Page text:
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Thursday, July 18, 2019

RNA Sequencing SMRT Grant Winner to Help Hone New Therapeutic Strategy in Acute Myeloid Leukemia

Variety is the spice of life, and one of the drivers of genetic variation is gene splicing.  After a gene is transcribed, there are alternatively spliced transcripts that add even more variety to that gene’s expression and its menu of phenotypes.  It appears that there are types of disorders that take advantage of these varieties. Top amongst them are myeloid disorders, where somatic mutations in splicing factors lead to cell proliferation in myelodysplastic syndromes (MDS) and blood cancers.  Christopher R. Cogle, a physician-scientist at the University of Florida, would like to understand why, in hopes that such knowledge could be…

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Thursday, June 13, 2019

The SMRT Special: Journal Focuses on Advances in SMRT Sequencing

Single Molecule, Real-Time (SMRT) Sequencing continues to get smarter and more powerful, with the recent launch of the Sequel II system increasing capabilities and efficiencies of the long-read DNA and RNA PacBio sequencing technology even further. In a special issue devoted entirely to the technology in the MDPI open access journal Genes, guest editors Adam Ameur of Uppsala University and Matthew S. Hestand of the Cincinnati Children’s Hospital Medical Center present eight articles highlighting research conducted using SMRT Sequencing. As this special issue demonstrates, the benefits of SMRT Sequencing to many different areas of research are becoming evident, not only…

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Monday, June 10, 2019

Catching up with Carola and the ‘Solar-Powered’ Sea Slug

Two years ago, Carola Greve and colleagues at the Zoological Research Museum Alexander Koenig in Bonn, Germany, were seeking to #SeqtheSlug as part of the 2017 Plant and Animal SMRT Grant competition, and the popular project was a close runner-up. Greve didn’t give up on her quest to sequence the ‘solar-powered’ sea slug. We caught up with her recently at the SMRT Leiden Scientific Symposium, where her update on the sea slug project earned her a Best Poster award.    Why the sea slug?   Although Mollusca represents the second largest animal phylum with around 85,000 extant species, only 23 mollusc genomes…

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Thursday, May 30, 2019

Unraveling Malaria Mysteries with Long-Read Sequencing

Plasmodium falciparum Malaria is a complicated killer, and efforts to develop effective vaccines have been hindered by gaps in our understanding of both the parasite that causes the infection, Plasmodium falciparum, and its transmitter, the mosquito. Like many virulent parasites, P. falciparum has evaded close genetic scrutiny due to its complex and changing composition. Its 23 Mb haploid genome is extremely AT rich (~80%) and contains stretches of highly repetitive sequences, especially in telomeric and subtelomeric regions. To make matters more complicated, it expands its genetic diversity during mitosis via homologous recombination, leading to the acquisition of new variants of…

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Thursday, May 16, 2019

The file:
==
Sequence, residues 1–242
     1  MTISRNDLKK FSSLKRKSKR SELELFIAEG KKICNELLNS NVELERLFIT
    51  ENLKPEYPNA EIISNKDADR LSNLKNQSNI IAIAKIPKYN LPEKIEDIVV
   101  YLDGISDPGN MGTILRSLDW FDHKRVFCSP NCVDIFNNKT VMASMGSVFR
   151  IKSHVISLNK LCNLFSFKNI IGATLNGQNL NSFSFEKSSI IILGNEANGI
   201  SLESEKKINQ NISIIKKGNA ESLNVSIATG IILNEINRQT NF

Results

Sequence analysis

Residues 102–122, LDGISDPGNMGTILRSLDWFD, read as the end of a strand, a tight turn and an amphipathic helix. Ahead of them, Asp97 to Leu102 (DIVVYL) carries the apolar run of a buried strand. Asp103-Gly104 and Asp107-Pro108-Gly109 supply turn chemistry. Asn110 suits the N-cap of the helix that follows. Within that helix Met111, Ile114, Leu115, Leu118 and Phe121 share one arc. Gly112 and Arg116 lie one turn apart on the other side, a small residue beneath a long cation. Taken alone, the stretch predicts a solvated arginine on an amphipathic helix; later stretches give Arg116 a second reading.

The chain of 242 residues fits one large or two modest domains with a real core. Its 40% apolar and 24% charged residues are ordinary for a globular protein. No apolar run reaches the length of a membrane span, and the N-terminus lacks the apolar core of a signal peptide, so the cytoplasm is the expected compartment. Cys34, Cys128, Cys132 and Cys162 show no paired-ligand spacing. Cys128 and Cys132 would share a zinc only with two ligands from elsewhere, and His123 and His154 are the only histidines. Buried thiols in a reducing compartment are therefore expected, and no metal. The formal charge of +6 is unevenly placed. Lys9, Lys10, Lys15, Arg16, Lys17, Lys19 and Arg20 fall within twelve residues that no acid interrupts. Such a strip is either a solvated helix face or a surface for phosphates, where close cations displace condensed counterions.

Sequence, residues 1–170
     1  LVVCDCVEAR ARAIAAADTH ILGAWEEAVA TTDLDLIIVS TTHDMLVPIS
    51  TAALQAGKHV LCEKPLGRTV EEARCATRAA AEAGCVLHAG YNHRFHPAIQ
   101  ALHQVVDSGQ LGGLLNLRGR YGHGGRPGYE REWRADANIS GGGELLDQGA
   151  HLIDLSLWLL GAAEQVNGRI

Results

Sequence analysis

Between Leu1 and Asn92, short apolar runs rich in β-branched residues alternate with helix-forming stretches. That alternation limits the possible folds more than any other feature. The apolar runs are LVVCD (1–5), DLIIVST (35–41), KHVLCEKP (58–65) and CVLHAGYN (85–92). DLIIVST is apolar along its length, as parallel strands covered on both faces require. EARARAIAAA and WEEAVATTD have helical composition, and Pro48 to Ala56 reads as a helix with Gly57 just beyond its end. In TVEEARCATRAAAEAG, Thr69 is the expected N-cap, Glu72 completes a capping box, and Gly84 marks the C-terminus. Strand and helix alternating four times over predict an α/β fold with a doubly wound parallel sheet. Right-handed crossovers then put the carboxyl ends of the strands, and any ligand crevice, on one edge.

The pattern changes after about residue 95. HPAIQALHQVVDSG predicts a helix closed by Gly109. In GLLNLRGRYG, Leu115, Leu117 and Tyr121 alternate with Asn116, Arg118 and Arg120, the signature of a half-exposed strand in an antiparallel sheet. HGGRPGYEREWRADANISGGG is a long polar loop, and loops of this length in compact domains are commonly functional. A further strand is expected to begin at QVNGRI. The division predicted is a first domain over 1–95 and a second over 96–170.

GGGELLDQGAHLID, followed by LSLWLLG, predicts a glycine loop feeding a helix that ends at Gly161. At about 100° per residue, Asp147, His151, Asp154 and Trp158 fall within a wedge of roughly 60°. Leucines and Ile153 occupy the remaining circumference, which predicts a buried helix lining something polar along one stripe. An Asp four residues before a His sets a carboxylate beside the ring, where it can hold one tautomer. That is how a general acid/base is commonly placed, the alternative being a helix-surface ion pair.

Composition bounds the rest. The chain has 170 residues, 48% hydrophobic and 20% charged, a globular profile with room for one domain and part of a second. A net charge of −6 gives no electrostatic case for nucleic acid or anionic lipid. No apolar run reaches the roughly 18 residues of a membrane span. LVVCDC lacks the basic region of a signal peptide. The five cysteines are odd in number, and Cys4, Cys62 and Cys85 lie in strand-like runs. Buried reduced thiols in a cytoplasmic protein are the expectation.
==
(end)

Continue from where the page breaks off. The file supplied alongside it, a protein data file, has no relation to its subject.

Top 10 Tools and Tips from the SMRT Leiden Informatics Developers Meeting

Hundreds of SMRT scientists came together recently in Leiden to learn about the latest updates to PacBio technology and to showcase their data analysis tools. Extremely useful information was shared, and future collaborations were sparked. For those who weren’t able to jet to the Netherlands to attend, we’ve rounded up the top tools and tips presented at the European SMRT Informatics Developers Meeting. For an in-depth report on the event, check out this blog post by PacBio Principal Scientist Elizabeth Tseng. SMRT Link – Of course our own open-source SMRT analysis software suite will be top of the list. Updates…

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Wednesday, May 15, 2019

SMRT Leiden Symposium Showcases Successes in Clinical and Conservation Genomics

What can a cute, cuddly, stingless bee from the Brazilian rainforest teach us about eusociality and mitochondrial evolution? Natalia S Araujo wants to find out, and she’s not the only one. As the only bee species in which true polygyny (multiple fertile queens in the same colony) occurs, there is great interest in Melipona bicolor, and its mitochondrial genome (mt genome) was one of the first sequenced in bees. But the sequence was incomplete and lacked information about its mitochondrial gene expression pattern. So Araujo, a postdoctoral researcher of animal genomics in the GIGA Institute of the University of Liège,…

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Wednesday, May 1, 2019

The Sequencing of the Octoploid Strawberry Genome Uncovers its Evolution

Ángel Vergara Cruces By Ángel Vergara Cruces, Universidad de Málaga Plant geneticists have achieved a sweet feat: the first assembly of the octoploid strawberry genome. As reported in Nature Genetics earlier this year, a team led by Steven J. Knapp of the University of California-Davis and Patrick P. Edger of Michigan State University, identified more than 100,000 genes in their high-quality assembly and annotation of the commercial strawberry, Fragaria x ananassa. The main challenge when assembling a polyploid genome is that similar regions in different subgenomes (so-called homeologous regions) can lead to uncertainty about where to assign a given read…

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Wednesday, April 24, 2019

Now Available: Sequel II System Delivers ~8 Times as Much Data as Previous System